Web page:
by Gwen Moritz
Posted 7/20/2005 11:49 am
Updated 1 year ago
Darryle Rude, supervisor of industrial banks for the Utah Department of Financial Institutions, told Arkansasbusiness.com that industrial banks, as defined by Utah law, differ from commercial banks in two primary ways. First, an IB can be owned by a parent that is not a bank holding company. Second, an IB cannot offer demand deposit accounts, such as checking accounts, if it has more than $100 million in assets - very small in the world of banking. For example, First Bank of South Arkansas at Camden and First National Bank at Paris are both larger than $100 million.
Rude said the services and products offered by a Utah IB are also limited to the business plan filed and approved by state regulators. Wal-Mart has said that it hopes to use the Utah IB charter to save on the money currently being paid to other financial institutions to process transactions made at Wal-Mart stores.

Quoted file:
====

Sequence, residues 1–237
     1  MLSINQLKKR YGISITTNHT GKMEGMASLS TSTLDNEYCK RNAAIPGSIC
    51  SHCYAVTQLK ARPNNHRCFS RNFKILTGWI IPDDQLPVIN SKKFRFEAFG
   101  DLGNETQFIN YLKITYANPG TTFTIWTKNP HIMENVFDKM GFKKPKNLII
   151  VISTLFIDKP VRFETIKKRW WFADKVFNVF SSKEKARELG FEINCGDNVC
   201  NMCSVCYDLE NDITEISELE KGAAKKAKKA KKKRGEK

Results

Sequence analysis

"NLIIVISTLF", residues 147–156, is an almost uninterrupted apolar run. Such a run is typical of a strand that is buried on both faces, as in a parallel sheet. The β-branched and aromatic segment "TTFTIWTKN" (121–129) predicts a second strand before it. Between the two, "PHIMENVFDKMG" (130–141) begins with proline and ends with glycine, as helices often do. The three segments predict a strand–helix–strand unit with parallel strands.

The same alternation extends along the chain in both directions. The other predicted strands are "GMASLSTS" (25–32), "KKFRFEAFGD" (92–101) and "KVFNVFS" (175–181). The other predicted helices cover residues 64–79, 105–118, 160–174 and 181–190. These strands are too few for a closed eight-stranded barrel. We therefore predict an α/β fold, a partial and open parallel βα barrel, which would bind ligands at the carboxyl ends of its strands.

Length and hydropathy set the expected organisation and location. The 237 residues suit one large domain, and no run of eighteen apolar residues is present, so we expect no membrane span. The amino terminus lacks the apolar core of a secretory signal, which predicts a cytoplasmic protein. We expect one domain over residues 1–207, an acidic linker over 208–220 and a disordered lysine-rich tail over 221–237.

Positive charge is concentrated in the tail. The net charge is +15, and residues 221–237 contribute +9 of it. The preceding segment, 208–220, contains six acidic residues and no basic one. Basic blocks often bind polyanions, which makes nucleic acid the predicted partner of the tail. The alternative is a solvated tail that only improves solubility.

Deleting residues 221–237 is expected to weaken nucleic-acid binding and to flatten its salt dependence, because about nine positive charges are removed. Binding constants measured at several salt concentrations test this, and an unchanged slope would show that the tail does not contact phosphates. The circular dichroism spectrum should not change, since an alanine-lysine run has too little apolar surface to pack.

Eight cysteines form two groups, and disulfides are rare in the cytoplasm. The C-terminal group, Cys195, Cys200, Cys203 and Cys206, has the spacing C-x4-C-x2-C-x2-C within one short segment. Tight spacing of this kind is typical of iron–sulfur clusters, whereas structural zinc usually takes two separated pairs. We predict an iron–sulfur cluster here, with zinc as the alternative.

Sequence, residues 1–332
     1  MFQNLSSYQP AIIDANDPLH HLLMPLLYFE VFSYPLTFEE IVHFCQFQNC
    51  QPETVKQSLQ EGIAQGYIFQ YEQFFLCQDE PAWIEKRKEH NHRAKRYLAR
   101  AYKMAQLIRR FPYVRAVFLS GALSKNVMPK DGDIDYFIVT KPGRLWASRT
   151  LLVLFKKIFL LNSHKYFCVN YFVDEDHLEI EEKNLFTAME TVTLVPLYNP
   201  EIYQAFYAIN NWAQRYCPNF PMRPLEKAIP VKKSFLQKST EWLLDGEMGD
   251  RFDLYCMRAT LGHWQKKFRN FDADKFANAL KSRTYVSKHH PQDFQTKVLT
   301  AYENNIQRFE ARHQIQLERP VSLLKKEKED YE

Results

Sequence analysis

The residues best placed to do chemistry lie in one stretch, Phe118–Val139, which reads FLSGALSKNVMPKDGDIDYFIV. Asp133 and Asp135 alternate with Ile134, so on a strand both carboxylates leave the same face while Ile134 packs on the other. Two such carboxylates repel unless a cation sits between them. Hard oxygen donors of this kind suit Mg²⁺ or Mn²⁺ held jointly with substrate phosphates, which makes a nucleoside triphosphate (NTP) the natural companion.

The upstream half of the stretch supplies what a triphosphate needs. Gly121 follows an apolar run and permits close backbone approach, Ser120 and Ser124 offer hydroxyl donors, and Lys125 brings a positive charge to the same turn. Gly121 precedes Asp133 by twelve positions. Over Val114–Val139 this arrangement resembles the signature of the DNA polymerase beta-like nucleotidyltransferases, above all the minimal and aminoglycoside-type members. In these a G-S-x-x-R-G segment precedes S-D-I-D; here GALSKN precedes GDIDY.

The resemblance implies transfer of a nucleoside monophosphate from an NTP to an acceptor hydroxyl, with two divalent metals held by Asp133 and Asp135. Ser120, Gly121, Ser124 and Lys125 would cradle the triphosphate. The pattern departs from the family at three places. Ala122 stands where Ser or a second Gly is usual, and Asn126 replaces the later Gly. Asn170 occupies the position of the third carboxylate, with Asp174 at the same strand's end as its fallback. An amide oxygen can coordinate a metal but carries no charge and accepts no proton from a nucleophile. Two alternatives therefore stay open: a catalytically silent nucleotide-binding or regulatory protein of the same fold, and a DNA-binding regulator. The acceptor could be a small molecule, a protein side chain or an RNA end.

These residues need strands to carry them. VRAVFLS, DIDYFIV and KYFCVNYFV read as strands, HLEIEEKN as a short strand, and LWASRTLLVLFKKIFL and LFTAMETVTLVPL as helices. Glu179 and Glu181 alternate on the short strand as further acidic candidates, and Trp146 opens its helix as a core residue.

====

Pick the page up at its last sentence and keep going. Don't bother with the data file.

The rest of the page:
Rude said Utah is one of the few states in which nonbank holding companies are allowed to set up banking operations; California changed its law three years ago specifically to keep Wal-Mart from establishing an industrial bank there. Wal-Mart competitor Target Corp. of Minneapolis already operates an IB in Utah, as do GE Capital, Merrill Lynch and Pitney Bowes.
Wal-Mart's interest in operating a retail bank is well-established. Repeated attempts to get Congress to pass enabling legislation have been unsuccessful. A few Wal-Mart stores, primarily in Memphis, contain bank branches labeled as "Wal-Mart Money Centers," but they are actually branches of Memphis-based National Bank of Commerce and staffed by NBC employees.